Westbury soon abandoned his plans for the bar and became obsessed with how to unlock the potential of Newcastle’s empty buildings. “It’s not about the land, but how you can use it,” he told me. “Ownership is one tool with which you can solve that problem, but it’s not the only solution.”
Cities, he knew, tend to move slowly. Changing the urban fabric through traditional means—planning, development, construction—would be a contentious and expensive process. Westbury wanted to move more quickly, at the speed of one of his festivals. Instead of trying to upend the existing structures, he felt it would be easier to simply hack the system and work around the perverse incentives keeping the storefronts vacant.
In late 2008, Westbury launched Renew to test a new approach: Instead of signing leases on empty spaces, it would simply ask the landlords for permission to access their buildings for free. In exchange, Renew’s artists and artisans would clean and maintain the properties, pay for utilities and security, and man them regularly. If the landlords found paying tenants, they could have their storefronts back with 30-days’ notice. And because they technically hadn’t signed a lease, their financial arrangements were protected. It was the fringe festival approach to urban revitalization, trading ownership and permanence for energy and attention.
One of Westbury’s earliest and more unlikely allies was the GPT Group, an Australian developer that had quietly acquired much of downtown as part of a proposed half-billion-dollar redevelopment. The company loved his idea, since it would take years to bring their own plans to fruition. In the meantime, Westbury would be doing them a favor by helping to generate buzz.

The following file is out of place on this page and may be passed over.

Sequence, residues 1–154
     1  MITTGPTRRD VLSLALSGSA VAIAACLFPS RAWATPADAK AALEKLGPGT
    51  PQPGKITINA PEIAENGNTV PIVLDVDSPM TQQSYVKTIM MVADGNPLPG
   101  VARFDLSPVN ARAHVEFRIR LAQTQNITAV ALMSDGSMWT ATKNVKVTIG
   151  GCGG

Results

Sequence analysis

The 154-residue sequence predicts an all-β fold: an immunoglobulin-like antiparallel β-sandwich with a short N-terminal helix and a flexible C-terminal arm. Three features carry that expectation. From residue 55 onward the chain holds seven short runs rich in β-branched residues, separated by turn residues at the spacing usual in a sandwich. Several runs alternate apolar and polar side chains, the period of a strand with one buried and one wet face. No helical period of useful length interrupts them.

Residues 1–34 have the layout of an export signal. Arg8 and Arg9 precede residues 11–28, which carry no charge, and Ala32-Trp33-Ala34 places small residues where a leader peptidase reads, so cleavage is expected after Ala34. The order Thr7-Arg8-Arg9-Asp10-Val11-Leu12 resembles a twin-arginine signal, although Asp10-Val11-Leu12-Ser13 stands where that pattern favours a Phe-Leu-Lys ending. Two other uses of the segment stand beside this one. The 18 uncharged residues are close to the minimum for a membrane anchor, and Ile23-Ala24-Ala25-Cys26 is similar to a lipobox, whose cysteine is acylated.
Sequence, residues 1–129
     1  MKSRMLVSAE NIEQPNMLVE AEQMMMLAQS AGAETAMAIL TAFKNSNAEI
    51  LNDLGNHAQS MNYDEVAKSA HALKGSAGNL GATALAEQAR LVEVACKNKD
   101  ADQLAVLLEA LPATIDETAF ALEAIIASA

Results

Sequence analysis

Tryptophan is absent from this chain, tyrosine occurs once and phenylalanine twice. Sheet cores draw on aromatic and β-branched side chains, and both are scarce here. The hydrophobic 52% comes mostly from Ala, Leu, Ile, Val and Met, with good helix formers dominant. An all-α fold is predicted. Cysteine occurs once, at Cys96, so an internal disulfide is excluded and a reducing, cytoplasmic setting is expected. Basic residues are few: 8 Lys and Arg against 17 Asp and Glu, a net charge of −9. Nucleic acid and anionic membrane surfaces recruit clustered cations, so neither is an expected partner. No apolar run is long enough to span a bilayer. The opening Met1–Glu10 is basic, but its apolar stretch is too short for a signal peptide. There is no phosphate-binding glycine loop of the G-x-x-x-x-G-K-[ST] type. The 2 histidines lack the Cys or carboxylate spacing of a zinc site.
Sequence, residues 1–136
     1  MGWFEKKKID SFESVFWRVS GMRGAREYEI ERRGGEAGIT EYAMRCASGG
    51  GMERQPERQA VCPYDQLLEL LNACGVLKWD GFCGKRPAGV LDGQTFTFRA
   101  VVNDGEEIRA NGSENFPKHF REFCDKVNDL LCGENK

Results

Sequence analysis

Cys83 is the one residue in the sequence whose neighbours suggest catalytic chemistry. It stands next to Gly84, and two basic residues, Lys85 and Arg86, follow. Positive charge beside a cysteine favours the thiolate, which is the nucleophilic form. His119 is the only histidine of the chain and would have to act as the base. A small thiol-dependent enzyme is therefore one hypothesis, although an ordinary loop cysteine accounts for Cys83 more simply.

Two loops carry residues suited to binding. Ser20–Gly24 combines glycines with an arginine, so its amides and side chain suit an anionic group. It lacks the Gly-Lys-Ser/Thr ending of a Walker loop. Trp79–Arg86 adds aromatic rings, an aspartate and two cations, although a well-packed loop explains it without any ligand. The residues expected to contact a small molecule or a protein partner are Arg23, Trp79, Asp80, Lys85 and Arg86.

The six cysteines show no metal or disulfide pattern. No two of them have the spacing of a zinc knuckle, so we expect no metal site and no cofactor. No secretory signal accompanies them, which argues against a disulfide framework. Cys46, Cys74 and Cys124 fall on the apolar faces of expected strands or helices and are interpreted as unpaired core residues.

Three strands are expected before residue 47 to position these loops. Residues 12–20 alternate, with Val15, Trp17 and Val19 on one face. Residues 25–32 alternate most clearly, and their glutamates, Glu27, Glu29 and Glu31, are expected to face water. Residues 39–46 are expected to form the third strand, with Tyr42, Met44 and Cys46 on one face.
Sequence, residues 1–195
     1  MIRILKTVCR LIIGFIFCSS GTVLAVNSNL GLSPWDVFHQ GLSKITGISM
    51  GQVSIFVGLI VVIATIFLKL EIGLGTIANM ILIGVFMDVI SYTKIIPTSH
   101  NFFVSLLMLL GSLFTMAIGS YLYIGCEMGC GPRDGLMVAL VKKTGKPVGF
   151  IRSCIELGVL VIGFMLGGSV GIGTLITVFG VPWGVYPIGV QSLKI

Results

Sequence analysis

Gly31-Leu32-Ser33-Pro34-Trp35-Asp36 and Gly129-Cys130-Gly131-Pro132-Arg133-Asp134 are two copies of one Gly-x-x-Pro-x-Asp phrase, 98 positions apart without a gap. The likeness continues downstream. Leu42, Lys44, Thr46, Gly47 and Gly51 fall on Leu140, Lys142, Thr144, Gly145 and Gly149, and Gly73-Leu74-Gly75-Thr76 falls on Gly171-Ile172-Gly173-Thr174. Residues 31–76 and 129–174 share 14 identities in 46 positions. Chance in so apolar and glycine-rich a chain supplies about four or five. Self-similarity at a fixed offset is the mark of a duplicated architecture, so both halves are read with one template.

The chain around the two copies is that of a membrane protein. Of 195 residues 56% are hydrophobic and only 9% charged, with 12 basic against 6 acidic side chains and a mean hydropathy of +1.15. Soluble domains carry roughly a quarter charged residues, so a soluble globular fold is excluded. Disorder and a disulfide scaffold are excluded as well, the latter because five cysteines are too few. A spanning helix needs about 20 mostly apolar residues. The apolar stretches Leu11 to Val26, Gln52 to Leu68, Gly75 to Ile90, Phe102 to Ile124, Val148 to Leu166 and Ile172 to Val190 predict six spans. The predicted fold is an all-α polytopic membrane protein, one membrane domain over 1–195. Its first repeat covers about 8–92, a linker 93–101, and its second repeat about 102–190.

The experiment began with a dozen storefronts and studios, including some tucked inside a former ophthalmology clinic and a vacant church. They soon housed photographers and animators, toy makers and web designers. Not every idea was viable—an art gallery in a menswear store didn’t last long—but since they were using these spaces rent-free, start-up costs were low and the risk of failure negligible. The point was to lure passion projects into the open and use their energy to catalyze the street. “There’s a gap between a creative idea and action. What do you need to do to take a creative idea and turn it into something you actually do?” Westbury asked me.